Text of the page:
Political Roundup

In Our Headlines…

As the impeachment inquiries continue, Democrats prepare to shift from fact-finding to considering pressing charges against the president. The House Judiciary Committee, which is controlled by Democrats, gave the White House until 6 p.m. on Dec. 1 to determine if the president’s legal counsel will participate in on Wednesday’s impeachment hearing. This hearing included testimony from a panel of legal experts on the impeachment process as established by the Constitution.

The White House has an additional deadline, 5 p.m. on Dec. 5, to determine if the president will launch a defense at subsequent impeachment proceedings that will continue next week. The Trump administration may refuse legal counsel for either of these sets of proceedings to prevent legitimizing the impeachment inquiries, which Trump has called a “Witch Hunt.”

This week, the House Intelligence Committee plans to release a report outlining findings from the hearings. The House Judiciary Committee will vote on whether to recommend articles of impeachment within the next two weeks, before the holiday recess (Reuters, “Trump faces two impeachment deadlines as inquiry shifts focus,” 12.01.2019).

[CW: The following paragraph contains mention of violence and a possible terrorist act.]

Ten people were injured in a shooting in the French Quarter of New Orleans on Dec. 2; officers responded to gunshots at about 3:20 a.m. Police initially reported that a man was detained on the scene. However, as the incident occurred near the collapsed Hard Rock Hotel while visitors attended the annual football game between Grambling State and Southern University, police have since issued a statement saying that the chaos made it too difficult to determine who fired the shots and what incited the shooting.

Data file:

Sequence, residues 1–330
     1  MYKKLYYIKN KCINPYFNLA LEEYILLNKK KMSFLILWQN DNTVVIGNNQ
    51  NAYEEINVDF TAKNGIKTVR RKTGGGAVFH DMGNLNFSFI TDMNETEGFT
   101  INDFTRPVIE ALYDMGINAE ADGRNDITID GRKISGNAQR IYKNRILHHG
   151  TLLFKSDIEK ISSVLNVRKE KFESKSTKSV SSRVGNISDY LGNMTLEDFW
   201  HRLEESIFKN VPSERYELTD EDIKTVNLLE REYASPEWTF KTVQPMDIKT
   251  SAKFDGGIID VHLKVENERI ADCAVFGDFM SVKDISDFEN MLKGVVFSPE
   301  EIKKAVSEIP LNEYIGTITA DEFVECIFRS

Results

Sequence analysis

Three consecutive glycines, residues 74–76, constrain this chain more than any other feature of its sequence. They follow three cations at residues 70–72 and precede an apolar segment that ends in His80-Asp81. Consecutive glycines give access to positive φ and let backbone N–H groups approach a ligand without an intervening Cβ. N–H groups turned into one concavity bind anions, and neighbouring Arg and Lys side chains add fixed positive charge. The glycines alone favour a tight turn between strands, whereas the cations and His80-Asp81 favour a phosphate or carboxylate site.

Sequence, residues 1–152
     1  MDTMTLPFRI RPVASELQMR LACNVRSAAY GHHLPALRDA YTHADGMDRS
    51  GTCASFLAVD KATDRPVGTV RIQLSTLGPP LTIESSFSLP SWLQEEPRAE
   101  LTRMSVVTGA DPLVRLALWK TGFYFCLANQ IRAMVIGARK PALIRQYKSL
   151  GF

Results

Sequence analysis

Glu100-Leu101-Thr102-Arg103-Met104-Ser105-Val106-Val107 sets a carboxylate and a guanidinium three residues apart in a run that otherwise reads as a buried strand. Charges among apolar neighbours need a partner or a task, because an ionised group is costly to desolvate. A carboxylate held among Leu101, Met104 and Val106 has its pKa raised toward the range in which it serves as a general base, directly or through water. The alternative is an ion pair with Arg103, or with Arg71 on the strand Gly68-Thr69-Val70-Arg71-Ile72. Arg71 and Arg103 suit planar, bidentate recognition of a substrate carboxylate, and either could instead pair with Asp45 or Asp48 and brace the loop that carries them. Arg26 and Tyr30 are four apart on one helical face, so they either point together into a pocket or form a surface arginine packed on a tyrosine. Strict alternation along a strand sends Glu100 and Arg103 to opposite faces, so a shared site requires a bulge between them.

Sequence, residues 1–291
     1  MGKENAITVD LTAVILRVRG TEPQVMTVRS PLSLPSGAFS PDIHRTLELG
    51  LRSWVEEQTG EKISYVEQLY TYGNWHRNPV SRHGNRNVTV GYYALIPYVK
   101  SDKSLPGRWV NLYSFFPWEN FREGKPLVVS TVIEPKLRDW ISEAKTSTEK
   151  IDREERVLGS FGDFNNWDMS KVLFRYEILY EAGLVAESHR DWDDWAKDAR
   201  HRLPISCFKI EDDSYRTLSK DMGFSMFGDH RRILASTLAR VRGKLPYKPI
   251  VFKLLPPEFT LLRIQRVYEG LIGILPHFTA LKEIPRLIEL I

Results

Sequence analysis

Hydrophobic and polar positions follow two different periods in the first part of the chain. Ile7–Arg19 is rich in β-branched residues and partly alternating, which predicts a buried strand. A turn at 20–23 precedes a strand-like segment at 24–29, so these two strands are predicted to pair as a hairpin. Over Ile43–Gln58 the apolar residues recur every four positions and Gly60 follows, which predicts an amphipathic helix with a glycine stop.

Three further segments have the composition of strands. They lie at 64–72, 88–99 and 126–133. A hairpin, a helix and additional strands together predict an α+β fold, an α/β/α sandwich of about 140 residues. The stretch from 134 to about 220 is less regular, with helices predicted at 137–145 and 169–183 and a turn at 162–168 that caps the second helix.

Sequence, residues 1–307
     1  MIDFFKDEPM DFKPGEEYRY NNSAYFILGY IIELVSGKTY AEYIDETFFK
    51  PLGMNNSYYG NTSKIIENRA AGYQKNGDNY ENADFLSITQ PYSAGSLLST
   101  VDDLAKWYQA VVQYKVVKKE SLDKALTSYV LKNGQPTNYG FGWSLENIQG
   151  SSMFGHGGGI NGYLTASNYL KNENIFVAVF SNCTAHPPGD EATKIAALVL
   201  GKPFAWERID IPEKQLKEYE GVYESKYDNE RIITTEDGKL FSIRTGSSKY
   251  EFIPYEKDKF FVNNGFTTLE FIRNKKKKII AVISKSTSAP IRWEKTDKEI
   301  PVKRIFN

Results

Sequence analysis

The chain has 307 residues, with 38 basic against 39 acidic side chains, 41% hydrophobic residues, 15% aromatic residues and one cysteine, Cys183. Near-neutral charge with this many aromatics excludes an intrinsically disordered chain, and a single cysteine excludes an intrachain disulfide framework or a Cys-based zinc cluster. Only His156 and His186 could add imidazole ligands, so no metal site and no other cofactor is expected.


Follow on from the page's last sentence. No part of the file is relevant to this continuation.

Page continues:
Five of the victims were transported to University Medical Center New Orleans, while two were transported to Tulane Medical Center. Two of the victims are currently in critical condition with gunshot wounds to the chest and torso, respectively. New Orleans police are offering a $5,000 reward for information leading to an arrest (The Washington Post, “At least 10 injured in shooting near French, Quarter, New Orleans, police say,” 12.01.2019).

The Supreme Court is set to hear its first major gun rights case in nearly 10 years on Dec. 2. The case concerns a New York City handgun regulation opposed by the National Rifle Association (NRA), which originally prevented gun owners from taking their handguns outside the City.

The original lawsuit against the City included concerns from gun owners that they would not be able to transport their guns to gun ranges or other residences located outside the City. The law has since been amended to allow for this movement. However, the Supreme Court denied New York City’s request for the case to be dropped in the wake of this amendment.

The case has the potential to change gun rights across the country. If the court issues a broad ruling in favor of the NRA and gun owners, it may deem many other gun control laws enacted by states unconstitutional. This would jeopardize the 300 gun control laws adopted by 45 states and the District of Columbia since 2013. The court will make a decision by June (Reuters, “U.S. Supreme Court weighs challenge to New York gun transport limits,” 12.01.2019).